But some health professionals, as well as the federal government, think technology could offer a solution — by using video chat to connect patients in need with faraway physicians who know how to treat addiction.

Their telemedicine effort is part of a larger initiative to fight the opioid epidemic in hard-hit rural areas such as Appalachia. This summer, the U.S. Department of Agriculture directed $1.4 million to five pilot projects in southwest Virginia, Tennessee and Kentucky. One will be run by Carilion Clinic, the health system that operates Devereaux’s practice, along with other hospitals and medical practices in the region.

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National News

Bracing for MACRA

By Beth Jones Sanborn - Healthcare Finance

For small practices like those run by Jean Antonucci in Farmington, Maine, succeeding under new MACRA regulations will all boil down to the details. Unfortunately with MACRA, there are just so many she is just one of the many small practitioners dreading the rollout. That's not surprising given the 4,000-plus comments the Centers for Medicare and Medicaid Services received on the law.
"I don't gain anything positive from this that is not financial, and the financial gain is so tiny for the enormous complexity and reporting burden. It's not simple and it's not useful," Antonucci said.
Despite promises from CMS that the rule actually streamlines reporting and allows doctors more time with patients, many physicians say it is far too complicated. And with a third of her patients on Medicare, Antonucci doesn't believe she'll see much return on the investments she will have to make.
Antonucci is basically a one-woman show, handling both patients and all the administrative and reporting work for her practice. She has even outsourced billing, and gets help five hours a week when a medical assistant comes in to help with clerical work, patient follow-ups and care coordination tasks.

Read the full article.

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Medication-Assisted Treatment

By Nancy Shute - NPR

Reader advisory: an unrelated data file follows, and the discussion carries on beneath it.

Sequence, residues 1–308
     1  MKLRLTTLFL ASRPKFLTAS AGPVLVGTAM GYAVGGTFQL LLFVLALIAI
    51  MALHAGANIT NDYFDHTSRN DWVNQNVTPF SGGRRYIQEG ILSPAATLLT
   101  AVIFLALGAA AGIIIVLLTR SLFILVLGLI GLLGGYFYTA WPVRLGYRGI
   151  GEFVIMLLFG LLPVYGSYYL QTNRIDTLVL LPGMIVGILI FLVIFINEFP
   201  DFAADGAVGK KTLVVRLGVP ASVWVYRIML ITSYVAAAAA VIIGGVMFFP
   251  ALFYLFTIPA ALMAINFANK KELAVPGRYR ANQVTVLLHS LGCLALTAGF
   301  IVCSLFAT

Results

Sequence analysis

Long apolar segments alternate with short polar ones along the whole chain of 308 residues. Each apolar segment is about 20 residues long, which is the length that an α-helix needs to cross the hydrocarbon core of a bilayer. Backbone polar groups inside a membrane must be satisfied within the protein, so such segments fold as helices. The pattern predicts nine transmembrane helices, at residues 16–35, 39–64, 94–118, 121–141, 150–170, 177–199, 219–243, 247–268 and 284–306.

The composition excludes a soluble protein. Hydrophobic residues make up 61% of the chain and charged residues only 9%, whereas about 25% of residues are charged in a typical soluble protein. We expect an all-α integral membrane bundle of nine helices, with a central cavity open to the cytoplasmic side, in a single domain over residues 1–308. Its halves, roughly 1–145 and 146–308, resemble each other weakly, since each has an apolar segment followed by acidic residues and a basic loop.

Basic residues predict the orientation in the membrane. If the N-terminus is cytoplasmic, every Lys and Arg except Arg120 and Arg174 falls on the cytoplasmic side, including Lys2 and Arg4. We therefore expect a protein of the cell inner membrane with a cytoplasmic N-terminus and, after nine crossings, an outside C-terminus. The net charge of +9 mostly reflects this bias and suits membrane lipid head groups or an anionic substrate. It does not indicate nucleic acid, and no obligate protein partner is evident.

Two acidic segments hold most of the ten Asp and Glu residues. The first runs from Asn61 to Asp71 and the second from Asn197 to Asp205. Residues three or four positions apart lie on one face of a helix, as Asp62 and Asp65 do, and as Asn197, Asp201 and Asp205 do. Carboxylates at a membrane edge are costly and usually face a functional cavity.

Only a fraction of the 4 million people thought to abuse prescription painkillers or heroin in the U.S. are getting medication-assisted treatment. There's been a big push to make it easier for doctors to prescribe buprenorphine, including new rules announced by the Obama administration in July that raised the number of patients a doctor can treat from 100 to 275. But this data suggests that those limits aren't the only barrier to getting treatment to more people.

Urban areas have typically been better equipped to provide treatment for opioid addiction, whether with methadone clinics or with buprenorphine, which people can take at home and doesn't require people a daily clinic visit. But many people struggling with opioid addiction live in smaller cities or rural areas where physicians have little experience with treating addiction to heroin and prescription opioids.

Just taking an online course on how to prescribe buprenorphine won't be enough for many providers, especially since many patients with opioid addiction also have other problems that need care. Medication-assisted treatment is supposed to include counseling, and that can be hard to find, especially in rural areas. 

Read the full article.

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Unsettled Country


The archetype of quiet, small towns with a strong sense of community – where friendliness is abundant and “big city” stresses are few – often marks the popular imagery used to represent the state and its values.

But for many of those who live in Oklahoma’s rural areas, the reality does not match the trouble-free imagery. Outside of Oklahoma City and Tulsa and their suburbs, a disproportionate number of residents betray key signs of untreated mental-health problems and substance abuse, an Oklahoma Watch analysis of state data found.

Read the full article.

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Helping Rural America Catch Up

From the New York Times

Collection of opinion pieces, by rural experts, placed in "discussion" with one another concerning the challenges faced by rural America. Topics include, among other things, access to health resources, poverty, economic development, and technological infrastructure. 

Read the discussion.

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Mark Your Calendar

For more information about these and other events, visit the VRHA Calendar

October 18: Rural Health Telecommunication Consortium Kick-Off Meeting - Abingdon
October 18-19:  Rural Health Coding & Billing Specialist Training  - Abingdon
October 19-20: VRHA Annual Conference - Abingdon
October 27: RHC Update Seminar - Compliance and Billing - Nashville, TN
February 5-8: Rural Healthcare Leadership Conference - Phoenix, AZ
February 7-9: 28th NHRA Rural Health Policy Institute​ - Washington, DC

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Virginia Grants Summit